but this is now a much better tool to resolve conflicts than we can ever
create in a plain text file.
> > Note that while this gives complete information for update and switch,
> > merging there are actually 4 sides instead of 3...
> > svn merge merges the difference between two files (left and right) into
> > third file (mine), which also happens to have an original version (its
> > pristine version).
> > So theoretically in case of an update and switch the older versions are
> > same file(left=pristine).
> It's true that the target file has a pristine version, but the pristine
> *particularly* associated with the merge itself. We merge changes into
> working/actual version, and whether I commit local mods before starting
> merge makes no difference to the merging procedure or to the desired
> result. The pristine version is just "the version before the version I'm
> into". The fact that it was uncommitted makes it interesting from a WC
> management perspective, but not particularly from a merge perspective.
Essentially a merge is incorporating the changes between LEFT and RIGHT into
the PRISTINE file.
But as we support merging into a locally changed file we just ignore the
PRISTINE file and use the original WORKING as if it were the pristine file.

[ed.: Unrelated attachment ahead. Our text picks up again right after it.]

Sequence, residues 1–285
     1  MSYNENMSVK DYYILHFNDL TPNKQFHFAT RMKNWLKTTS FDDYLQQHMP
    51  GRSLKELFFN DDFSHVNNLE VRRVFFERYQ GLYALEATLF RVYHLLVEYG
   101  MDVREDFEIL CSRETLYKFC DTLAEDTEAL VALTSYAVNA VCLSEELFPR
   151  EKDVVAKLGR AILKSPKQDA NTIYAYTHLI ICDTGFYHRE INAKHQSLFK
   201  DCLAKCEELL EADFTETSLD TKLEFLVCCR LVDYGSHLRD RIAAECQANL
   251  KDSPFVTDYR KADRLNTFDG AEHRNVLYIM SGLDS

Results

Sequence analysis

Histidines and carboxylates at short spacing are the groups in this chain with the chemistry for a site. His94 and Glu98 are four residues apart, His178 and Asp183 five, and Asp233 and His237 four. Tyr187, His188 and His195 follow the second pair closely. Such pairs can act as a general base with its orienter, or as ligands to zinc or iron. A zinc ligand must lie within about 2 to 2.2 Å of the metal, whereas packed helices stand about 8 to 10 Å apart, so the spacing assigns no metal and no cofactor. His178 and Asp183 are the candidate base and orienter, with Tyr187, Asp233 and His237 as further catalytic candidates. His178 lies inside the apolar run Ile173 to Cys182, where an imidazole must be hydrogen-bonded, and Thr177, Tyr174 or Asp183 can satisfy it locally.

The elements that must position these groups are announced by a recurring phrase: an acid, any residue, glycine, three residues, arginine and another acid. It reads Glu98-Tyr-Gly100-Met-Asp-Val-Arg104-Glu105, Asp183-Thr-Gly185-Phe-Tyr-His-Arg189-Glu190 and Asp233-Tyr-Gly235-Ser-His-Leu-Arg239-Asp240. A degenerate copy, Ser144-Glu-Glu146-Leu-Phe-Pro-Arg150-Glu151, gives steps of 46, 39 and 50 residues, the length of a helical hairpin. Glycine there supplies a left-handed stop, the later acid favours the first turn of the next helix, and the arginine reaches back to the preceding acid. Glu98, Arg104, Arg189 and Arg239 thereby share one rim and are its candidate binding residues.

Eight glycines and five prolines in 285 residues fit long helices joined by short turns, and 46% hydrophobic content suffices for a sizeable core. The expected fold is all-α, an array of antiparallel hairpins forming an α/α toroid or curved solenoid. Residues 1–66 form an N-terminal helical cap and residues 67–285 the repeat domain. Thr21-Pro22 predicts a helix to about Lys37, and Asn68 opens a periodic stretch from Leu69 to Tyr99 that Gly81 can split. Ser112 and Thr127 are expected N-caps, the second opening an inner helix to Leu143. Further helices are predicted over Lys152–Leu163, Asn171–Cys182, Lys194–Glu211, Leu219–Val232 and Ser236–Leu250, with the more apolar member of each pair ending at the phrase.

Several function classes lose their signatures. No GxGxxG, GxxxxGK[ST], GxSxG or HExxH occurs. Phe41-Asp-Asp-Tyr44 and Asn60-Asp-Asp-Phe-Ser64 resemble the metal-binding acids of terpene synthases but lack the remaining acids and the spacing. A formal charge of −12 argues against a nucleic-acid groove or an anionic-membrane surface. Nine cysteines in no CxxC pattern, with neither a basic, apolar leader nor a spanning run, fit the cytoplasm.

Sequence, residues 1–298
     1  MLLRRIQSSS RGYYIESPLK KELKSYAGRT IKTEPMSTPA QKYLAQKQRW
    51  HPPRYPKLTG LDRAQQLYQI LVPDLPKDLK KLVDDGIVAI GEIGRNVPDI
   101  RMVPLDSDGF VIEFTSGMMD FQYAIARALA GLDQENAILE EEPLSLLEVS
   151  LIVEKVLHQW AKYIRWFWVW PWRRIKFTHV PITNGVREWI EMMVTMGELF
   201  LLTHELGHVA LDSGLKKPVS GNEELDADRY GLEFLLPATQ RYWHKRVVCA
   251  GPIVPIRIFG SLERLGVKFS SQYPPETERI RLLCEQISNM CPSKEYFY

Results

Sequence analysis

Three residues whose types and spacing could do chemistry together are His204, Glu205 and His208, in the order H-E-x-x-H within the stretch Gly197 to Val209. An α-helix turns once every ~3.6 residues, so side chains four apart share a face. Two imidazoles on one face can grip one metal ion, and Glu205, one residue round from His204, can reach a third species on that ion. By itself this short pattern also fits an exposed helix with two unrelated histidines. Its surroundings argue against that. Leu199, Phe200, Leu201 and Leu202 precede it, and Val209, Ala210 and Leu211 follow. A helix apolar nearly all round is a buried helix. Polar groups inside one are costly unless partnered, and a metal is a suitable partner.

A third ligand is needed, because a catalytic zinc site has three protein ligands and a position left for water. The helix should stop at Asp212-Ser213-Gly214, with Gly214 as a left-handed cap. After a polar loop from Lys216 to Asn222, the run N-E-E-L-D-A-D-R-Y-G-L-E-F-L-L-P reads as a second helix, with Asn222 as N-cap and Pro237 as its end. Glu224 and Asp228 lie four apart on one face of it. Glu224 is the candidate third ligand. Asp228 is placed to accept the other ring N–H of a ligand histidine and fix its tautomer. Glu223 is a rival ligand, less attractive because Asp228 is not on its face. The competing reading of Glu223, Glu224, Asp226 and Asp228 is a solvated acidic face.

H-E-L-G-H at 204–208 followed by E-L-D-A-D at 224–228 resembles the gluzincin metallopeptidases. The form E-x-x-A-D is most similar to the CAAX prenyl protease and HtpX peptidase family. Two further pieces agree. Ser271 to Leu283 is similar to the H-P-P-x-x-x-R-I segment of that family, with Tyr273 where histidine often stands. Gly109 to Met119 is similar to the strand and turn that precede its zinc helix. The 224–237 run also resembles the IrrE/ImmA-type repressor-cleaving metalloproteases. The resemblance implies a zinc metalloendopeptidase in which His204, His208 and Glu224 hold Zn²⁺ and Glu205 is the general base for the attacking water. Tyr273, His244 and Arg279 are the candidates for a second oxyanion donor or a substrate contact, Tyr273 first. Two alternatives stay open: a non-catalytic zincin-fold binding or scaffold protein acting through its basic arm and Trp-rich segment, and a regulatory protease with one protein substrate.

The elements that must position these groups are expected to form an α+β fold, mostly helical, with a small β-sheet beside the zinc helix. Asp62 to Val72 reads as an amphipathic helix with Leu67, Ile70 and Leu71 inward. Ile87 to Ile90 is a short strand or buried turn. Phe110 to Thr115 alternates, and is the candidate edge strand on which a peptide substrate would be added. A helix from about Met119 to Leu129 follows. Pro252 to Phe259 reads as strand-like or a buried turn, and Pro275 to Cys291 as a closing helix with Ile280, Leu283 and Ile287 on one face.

That doesn't make the difference between PRISTINE and WORKING not
interesting... It still contains the important notion of what is really an
uncommitted local change (MINE) vs what was already there on checkout
Sure there are even more interesting revisions if you know the full graph of
changes, but the merge code in libsvn_wc just knows these 4
files(PRISTINE,LEFT,RIGHT,WORKING), and produces a MERGED file from them:
and a Boolean conflicted vs not conflicted.
I'm pretty sure that you need more than a plain text file GUI to add the
notion of more than 3 trees in a way that our users are able to understand
But I'm thinking that calling either LEFT or PRISTINE 'original' in the
MERGED file is not really going to help our typical user.
And I wish my merge tool was smart enough to really understand 4 inputs...